I’ve spent a good deal of time in this region; a regular visitor to VinItaly since 2007. I think the reason I continue to return here is because it’s not only interesting from a historical perspective, but because the (better) wines of this region are consistently delicious at our dinner table – Prosecco, Valpolicella, Soave, etc., and like many Italian wine regions, it covers a lot of gastronomic diversity – from rice and peas, to braised horse and/or donkey – and a lot in between.

beautiful hills of Valpolicella

Traditional producers like Brigaldara (red: Valpolicella), or Pieropan (white: Soave) are regulars at our table (as much for the aforementioned) but also because the price-points (generally $15 USD or less) are as palatable as the wines themselves.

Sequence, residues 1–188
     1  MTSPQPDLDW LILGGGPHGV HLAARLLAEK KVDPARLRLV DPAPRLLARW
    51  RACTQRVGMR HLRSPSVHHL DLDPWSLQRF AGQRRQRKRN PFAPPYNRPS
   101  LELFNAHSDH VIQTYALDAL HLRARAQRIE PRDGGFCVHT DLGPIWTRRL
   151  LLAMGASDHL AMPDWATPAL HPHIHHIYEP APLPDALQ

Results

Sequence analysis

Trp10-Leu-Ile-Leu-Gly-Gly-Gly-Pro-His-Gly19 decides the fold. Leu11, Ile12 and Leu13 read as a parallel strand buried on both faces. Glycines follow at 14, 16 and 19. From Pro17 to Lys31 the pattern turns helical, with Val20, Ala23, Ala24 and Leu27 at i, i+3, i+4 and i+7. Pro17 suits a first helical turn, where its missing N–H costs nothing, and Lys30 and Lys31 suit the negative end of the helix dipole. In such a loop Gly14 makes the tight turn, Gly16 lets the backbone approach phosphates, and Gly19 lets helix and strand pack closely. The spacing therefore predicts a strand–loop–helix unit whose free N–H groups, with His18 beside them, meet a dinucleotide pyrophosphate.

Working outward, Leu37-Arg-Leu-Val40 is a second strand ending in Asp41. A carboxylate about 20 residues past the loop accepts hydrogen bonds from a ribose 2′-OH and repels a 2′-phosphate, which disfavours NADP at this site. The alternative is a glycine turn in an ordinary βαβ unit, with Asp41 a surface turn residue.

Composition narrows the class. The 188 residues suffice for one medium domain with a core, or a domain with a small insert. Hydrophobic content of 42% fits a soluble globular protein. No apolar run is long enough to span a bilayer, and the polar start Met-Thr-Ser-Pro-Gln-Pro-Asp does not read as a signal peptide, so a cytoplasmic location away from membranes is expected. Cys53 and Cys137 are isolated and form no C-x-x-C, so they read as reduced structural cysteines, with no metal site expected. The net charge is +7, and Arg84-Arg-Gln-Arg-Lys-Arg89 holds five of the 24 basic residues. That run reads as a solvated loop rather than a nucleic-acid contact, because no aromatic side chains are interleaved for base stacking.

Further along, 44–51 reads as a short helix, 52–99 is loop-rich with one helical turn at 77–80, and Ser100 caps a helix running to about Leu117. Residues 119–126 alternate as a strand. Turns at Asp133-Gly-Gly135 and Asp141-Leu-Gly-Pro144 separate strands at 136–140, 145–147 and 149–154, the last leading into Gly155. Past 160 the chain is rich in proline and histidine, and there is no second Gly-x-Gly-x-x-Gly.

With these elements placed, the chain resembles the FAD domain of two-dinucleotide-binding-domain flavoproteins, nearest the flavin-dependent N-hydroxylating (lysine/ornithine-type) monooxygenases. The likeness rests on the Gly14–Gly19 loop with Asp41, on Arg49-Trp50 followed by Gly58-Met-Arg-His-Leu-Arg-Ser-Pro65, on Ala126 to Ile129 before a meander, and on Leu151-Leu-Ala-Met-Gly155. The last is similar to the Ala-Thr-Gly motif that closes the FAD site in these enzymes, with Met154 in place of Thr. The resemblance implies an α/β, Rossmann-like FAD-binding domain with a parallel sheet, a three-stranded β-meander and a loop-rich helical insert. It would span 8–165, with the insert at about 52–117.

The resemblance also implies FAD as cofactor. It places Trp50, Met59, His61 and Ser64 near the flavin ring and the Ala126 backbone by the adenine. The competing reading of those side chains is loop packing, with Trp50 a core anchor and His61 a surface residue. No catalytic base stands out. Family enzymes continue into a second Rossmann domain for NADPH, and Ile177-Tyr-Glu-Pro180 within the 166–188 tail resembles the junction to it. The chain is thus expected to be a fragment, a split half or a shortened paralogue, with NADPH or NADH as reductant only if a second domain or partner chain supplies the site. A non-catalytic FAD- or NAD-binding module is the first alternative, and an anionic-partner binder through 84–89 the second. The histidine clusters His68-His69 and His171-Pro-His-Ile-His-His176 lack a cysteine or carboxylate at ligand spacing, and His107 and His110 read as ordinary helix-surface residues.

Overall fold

special wines, special people: Ca La Bionda, Valpolicella hills

Most of my time (outside of Verona) has been/is devoted to the towns/wines of Bardolino, Soave, Valpolicella and to a lesser extent, as time permits, Lugana.

If you’ve not yet visited the walled village of Soave, or enjoyed an aperitivo in front of the ruins of the Roman arena in Verona, or tried the many versions of cheese produced in Piave, then you might want to investigate further. Oh, and if you like scenic lakes, Lake Garda (area) is a must visit with its many tiny towns that dot the circumference (~ 160 miles) .

(photo: street scene in Lucca, Italy. I just loved the expression on the little girl’s face)